The mother of a compassionate seventh grader who helped a fellow student when he fell in class has shared the story of an action that made her cry with pride.
What are the details?
Kristin Adair is a mom of four who lives in Tampa, Florida. The woman works as a third-grade teacher, and Karington Nobles is her oldest daughter.
Kristin, 39, and her kids often play a game they call "highs and lows" as they get back home from school. The game's purpose is to share the worst and best parts of their days and always find reasons to keep going and stay positive.
One time when they were on their way home, Karington shared a unique thing that had happened during class.
"Mommy, I made a teacher cry today," Kristin shared with The Epoch Times about the way her daughter started telling her about what happened.
The mom braced herself for a negative happening, but all her concerns just melted away as the seventh grader kept adding more details.
The girl told Kristin that a boy attending her art class had Tourette's syndrome, and all the other students kept laughing at him. On that day, he'd fallen to the ground, and his classmates were making fun of him again.
That's when Karington decided it was time to act. She walked up to the boy and confidently lay down close to him. On seeing her, the rest of the class stopped laughing.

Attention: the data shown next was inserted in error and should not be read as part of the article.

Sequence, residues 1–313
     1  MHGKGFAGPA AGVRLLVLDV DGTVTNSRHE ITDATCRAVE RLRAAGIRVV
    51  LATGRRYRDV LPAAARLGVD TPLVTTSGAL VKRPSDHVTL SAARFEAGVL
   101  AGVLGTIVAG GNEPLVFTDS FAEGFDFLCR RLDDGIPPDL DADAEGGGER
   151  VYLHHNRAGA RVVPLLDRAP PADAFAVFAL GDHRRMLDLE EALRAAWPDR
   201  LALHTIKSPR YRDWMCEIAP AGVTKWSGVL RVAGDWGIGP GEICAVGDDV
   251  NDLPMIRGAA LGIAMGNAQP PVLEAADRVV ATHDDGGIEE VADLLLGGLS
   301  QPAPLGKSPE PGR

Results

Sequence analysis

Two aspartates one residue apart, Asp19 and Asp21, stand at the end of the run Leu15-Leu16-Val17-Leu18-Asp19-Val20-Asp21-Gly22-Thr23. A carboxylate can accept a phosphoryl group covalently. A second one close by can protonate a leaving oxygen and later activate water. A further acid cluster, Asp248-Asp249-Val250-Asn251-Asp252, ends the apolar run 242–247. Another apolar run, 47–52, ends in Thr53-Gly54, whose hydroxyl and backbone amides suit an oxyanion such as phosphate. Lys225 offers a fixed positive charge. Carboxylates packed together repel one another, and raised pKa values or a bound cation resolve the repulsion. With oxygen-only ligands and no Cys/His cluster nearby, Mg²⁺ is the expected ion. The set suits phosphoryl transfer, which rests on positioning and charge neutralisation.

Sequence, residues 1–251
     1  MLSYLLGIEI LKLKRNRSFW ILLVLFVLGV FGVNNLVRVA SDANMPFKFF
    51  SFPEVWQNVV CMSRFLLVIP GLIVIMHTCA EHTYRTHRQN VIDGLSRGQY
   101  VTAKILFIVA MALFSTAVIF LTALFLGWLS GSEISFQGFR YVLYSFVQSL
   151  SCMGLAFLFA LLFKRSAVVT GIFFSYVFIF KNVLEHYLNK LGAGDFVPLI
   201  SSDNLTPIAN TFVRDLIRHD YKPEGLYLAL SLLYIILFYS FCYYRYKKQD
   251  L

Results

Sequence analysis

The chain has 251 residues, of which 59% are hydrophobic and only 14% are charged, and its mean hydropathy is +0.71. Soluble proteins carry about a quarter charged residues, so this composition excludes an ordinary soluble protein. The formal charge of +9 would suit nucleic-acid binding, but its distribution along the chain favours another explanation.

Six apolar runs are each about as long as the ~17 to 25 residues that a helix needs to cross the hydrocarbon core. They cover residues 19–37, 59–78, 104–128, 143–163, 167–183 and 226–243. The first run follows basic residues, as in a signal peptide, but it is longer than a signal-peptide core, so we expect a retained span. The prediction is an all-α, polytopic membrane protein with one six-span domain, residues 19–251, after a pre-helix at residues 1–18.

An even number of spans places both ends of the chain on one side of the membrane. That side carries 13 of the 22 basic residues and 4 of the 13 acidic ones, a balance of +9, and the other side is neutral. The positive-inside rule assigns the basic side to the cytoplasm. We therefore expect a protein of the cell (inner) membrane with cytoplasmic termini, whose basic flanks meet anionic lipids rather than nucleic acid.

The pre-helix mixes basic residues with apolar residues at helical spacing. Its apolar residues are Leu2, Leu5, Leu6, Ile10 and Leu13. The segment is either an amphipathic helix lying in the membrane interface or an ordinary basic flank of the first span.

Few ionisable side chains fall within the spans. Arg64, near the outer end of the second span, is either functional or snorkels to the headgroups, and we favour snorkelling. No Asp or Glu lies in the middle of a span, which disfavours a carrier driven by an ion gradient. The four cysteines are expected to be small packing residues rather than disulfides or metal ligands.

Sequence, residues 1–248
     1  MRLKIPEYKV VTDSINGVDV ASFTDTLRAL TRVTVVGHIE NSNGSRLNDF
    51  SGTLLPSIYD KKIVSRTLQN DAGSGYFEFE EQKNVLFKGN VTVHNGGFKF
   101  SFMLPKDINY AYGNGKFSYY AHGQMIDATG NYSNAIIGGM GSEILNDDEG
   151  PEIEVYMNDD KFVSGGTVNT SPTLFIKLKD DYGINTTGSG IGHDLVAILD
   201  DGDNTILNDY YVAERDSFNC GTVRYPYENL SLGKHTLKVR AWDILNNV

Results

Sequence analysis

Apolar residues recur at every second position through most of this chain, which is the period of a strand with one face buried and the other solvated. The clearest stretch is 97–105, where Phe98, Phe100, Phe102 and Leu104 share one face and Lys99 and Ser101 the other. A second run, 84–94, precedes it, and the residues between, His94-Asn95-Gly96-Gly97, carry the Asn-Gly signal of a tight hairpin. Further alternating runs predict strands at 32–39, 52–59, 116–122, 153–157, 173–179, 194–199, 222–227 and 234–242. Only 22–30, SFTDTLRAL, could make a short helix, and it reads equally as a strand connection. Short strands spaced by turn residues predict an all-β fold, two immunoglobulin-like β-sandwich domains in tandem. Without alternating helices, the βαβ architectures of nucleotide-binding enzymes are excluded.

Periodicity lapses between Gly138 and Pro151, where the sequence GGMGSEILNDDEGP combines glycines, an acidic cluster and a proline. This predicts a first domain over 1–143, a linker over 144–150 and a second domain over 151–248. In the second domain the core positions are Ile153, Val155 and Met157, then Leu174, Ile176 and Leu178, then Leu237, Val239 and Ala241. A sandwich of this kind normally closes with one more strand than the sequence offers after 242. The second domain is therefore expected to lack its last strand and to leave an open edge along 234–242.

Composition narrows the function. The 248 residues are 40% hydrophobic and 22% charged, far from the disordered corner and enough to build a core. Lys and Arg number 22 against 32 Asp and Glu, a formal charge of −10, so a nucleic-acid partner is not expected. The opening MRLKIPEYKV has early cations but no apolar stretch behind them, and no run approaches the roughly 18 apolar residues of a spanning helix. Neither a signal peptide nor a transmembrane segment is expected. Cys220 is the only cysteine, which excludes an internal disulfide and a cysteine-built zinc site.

The boy's mom was working as a substitute teacher at the same school, and she happened to walk by and see what was going on in the art class.
Karington said the teacher was crying and came to hug her. She thanked her with a tight, heartfelt hug.
"My voice was replaced by a lump in my throat," Kristin recalls. She couldn't find the words to let Karington know just how touched she was by her gesture. As she saw her mom's tears, the seventh grader understood kindness meant more than anything.
To Kristin and her family, showing empathy for others and standing up for what's right is essential.
"I have always instilled kindness in my children, as well as thinking of others before yourself. I teach my children to do the right thing anytime and to show good character," the happy mom said.
Karington is described by her mom as "bubbly and very energetic," always going above and beyond to help cheer up the people around her. The seventh grader likes to play volleyball, swim in the family pool, and go out with friends. And she is used to thinking of others before herself and that's what makes Kristin so proud.
"If she won a prize, she gave it away; if she earned money, she spent it on others," the mom shared about the girl's generosity and kindness.
Kristin's advice to other parents is to talk to their kids about what being different means and to celebrate it.
"Speak to them about disabilities; share the story of when you were bullied in third grade and how it made you feel. Empathy is about seeing with the eyes of another, feeling with the heart of another, and listening with the ears of another," the mom, who's been a teacher for 16 years, recommended, pointing out that compassion needs to be seen in action.